Falkland Islands recognized as globally significant seabird hotspot | Polarjournal
The flightless Falkland steamer duck occurs exclusively in the Falkland Islands, but here it is found almost everywhere on shallow, sheltered stretches of coastline. Photo: Julia Hager

The Falkland Islands are a small jewel with their numerous different, almost pristine habitats and great biodiversity, on land and in the waters surrounding the islands. Twenty-two seabird species alone, including five penguin species, breed every summer on the Falkland Islands – reason enough for the conservation organization Falklands Conservation to assess whether the criteria for Key Biodiversity Areas for seabirds are met. After detailed data analysis, the project team concluded in its report that the coastal waters of the Falkland Islands are Key Biodiversity Areas for nine of the 22 breeding seabird species. Their global recognition as Key Biodiversity Areas followed last Tuesday – great news for penguins, albatrosses and other unique seabirds.

It was less than a year ago that, thanks to the work of Falklands Conservation, the coastal waters of the Falkland Islands were recognized as the world’s first Key Biodiversity Area (KBA) for Sei whales. Now, its global importance as a hotspot for seabirds has also been confirmed. According to Falklands Conservation, KBAs are an important tool for marine management, because important decisions concerning human activity in marine areas can now be made on the basis of more comprehensive knowledge in the interests of species conservation.

Sooty shearwaters are migratory birds that travel great distances each year. One of their most important breeding grounds is the Falkland Islands. Photo: Caroline Weir/Falklands Conservation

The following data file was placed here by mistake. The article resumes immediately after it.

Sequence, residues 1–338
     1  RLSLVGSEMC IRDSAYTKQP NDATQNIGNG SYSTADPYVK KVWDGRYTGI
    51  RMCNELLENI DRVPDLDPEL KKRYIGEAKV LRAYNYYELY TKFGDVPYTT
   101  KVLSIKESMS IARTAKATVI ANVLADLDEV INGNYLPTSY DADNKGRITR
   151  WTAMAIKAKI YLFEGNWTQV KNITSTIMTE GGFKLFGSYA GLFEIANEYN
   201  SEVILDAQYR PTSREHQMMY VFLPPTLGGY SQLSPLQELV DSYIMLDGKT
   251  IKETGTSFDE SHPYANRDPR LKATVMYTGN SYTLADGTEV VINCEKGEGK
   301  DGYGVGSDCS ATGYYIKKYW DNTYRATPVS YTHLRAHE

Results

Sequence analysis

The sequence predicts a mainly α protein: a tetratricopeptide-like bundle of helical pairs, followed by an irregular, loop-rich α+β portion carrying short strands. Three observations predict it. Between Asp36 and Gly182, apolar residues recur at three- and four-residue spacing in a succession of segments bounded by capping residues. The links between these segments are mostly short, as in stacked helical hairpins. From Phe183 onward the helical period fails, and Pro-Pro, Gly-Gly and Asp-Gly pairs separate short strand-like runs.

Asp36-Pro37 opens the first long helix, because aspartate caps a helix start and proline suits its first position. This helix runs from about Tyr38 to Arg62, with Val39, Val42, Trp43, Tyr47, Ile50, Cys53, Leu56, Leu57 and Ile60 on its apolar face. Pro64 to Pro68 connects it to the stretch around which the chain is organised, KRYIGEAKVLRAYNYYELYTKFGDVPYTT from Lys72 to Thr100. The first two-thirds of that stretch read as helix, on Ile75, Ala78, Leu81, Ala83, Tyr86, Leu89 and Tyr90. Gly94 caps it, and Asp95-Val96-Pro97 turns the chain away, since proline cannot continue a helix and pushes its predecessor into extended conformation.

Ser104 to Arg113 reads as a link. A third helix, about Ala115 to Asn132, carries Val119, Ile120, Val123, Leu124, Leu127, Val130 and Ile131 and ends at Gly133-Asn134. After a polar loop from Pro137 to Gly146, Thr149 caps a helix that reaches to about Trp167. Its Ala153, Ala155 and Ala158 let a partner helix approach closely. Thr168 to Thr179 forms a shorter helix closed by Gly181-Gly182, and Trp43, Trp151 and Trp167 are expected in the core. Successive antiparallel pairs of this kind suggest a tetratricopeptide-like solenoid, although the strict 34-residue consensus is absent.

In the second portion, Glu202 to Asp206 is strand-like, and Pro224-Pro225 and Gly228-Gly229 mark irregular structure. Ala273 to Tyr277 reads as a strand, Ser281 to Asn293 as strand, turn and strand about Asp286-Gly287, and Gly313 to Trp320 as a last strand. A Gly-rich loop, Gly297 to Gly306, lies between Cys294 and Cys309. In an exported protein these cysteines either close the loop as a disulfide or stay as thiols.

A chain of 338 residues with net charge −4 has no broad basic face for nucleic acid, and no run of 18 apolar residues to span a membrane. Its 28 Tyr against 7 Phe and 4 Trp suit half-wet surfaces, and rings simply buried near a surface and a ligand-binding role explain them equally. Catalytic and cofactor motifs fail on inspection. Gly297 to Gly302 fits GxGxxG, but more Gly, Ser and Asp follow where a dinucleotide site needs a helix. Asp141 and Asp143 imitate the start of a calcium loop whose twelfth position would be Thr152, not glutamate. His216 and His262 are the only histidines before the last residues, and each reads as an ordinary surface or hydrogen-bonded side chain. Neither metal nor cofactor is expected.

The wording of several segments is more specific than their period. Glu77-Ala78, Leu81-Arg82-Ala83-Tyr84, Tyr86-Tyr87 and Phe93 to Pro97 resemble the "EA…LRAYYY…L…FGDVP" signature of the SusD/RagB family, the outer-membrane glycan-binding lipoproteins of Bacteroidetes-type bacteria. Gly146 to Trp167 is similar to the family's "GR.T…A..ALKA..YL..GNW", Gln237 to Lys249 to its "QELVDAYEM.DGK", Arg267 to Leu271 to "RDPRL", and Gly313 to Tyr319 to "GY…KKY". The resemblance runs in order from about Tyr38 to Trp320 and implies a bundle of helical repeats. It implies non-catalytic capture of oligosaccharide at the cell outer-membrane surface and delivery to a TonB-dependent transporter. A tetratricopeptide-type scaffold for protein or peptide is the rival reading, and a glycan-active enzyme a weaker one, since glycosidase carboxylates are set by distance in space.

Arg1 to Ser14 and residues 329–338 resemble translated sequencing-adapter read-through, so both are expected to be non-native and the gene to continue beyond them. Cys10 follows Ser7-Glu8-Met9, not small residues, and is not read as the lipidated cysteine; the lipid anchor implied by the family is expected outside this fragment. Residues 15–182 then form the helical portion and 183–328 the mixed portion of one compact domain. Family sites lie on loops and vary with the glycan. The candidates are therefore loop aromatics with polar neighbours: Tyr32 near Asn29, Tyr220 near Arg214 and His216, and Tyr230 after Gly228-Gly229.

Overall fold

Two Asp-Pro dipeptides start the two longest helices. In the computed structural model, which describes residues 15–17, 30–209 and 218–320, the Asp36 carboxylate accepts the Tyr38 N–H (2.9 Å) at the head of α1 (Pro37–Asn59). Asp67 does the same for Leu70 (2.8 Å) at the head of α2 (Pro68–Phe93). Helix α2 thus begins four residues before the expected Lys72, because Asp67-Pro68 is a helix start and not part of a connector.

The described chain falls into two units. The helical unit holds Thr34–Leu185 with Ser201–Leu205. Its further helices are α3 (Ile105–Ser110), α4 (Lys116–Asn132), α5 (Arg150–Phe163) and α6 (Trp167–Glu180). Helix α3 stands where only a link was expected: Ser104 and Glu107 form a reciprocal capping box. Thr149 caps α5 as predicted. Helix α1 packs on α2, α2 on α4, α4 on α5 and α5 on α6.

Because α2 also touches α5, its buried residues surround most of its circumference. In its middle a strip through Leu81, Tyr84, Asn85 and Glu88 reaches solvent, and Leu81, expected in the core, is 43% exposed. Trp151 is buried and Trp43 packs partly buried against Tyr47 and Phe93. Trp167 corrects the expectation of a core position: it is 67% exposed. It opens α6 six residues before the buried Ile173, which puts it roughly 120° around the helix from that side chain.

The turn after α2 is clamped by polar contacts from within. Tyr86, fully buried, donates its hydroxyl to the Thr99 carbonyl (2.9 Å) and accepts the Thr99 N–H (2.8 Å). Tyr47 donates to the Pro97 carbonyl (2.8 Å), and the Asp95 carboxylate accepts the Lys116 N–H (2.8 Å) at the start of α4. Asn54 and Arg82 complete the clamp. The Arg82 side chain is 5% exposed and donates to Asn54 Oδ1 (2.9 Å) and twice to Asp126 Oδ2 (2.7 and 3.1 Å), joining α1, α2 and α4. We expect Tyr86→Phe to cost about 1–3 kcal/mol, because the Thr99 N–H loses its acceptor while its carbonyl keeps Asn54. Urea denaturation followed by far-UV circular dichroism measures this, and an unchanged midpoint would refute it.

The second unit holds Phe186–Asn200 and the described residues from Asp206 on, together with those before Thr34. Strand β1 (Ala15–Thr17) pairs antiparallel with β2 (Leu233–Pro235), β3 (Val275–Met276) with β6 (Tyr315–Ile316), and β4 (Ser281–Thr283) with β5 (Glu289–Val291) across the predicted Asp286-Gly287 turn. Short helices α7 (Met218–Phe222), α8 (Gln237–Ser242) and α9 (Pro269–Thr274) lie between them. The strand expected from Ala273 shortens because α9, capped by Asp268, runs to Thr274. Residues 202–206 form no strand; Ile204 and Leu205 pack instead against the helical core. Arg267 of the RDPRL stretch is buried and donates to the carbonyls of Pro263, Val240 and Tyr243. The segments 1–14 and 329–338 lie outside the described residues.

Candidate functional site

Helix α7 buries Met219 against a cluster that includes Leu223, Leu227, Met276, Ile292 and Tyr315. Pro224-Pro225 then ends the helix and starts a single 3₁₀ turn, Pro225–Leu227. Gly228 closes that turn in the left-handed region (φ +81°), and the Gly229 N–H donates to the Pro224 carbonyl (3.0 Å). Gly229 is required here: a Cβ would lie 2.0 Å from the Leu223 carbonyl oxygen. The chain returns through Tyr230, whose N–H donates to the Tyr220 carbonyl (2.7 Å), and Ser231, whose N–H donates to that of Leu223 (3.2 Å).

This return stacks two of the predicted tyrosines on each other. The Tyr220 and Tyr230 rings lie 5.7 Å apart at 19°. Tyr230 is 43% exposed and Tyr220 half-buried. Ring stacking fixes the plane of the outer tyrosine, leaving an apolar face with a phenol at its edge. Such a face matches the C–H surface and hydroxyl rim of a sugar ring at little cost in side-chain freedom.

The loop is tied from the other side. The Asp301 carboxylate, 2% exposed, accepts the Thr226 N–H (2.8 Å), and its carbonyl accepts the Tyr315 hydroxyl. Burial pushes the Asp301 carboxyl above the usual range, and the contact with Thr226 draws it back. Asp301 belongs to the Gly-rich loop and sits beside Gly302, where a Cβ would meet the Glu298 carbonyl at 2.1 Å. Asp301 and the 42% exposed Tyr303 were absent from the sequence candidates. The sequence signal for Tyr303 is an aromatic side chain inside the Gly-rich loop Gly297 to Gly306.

As part of the project, funded by the UK government’s Darwin Plus program, the Falklands Conservation team, in collaboration with the Royal Society for the Protection of Birds and BirdLife International, used existing data to identify nine seabird species for KBA status:

  • Black-browed albatross (Thalassarche melanophris)
  • Slender-billed prion (Pachyptila belcheri)
  • Southern giant petrel (Macronectes giganteus)
  • Gentoo penguin (Pygoscelis papua)
  • Southern rockhopper penguin (Eudyptes chrysocome)
  • Brown skua (Stercorarius antarcticus)
  • Dolphin gull (Leucophaeus scoresbii)
  • Sooty shearwater (Ardenna grisea)
  • the endemic Falkland steamer duck (Tachyeres brachypterus)

All of these species breed in the Falkland Islands and depend on the rich coastal waters, which they use not only as feeding grounds or as corridors from the breeding site to the feeding grounds, but also for rafting, preening, or bathing. However, due to climate change and potential threats from unsustainable development, such as aquaculture, bycatch, overfishing, spread of disease, energy production, and pollution, these areas are coming under increasing pressure.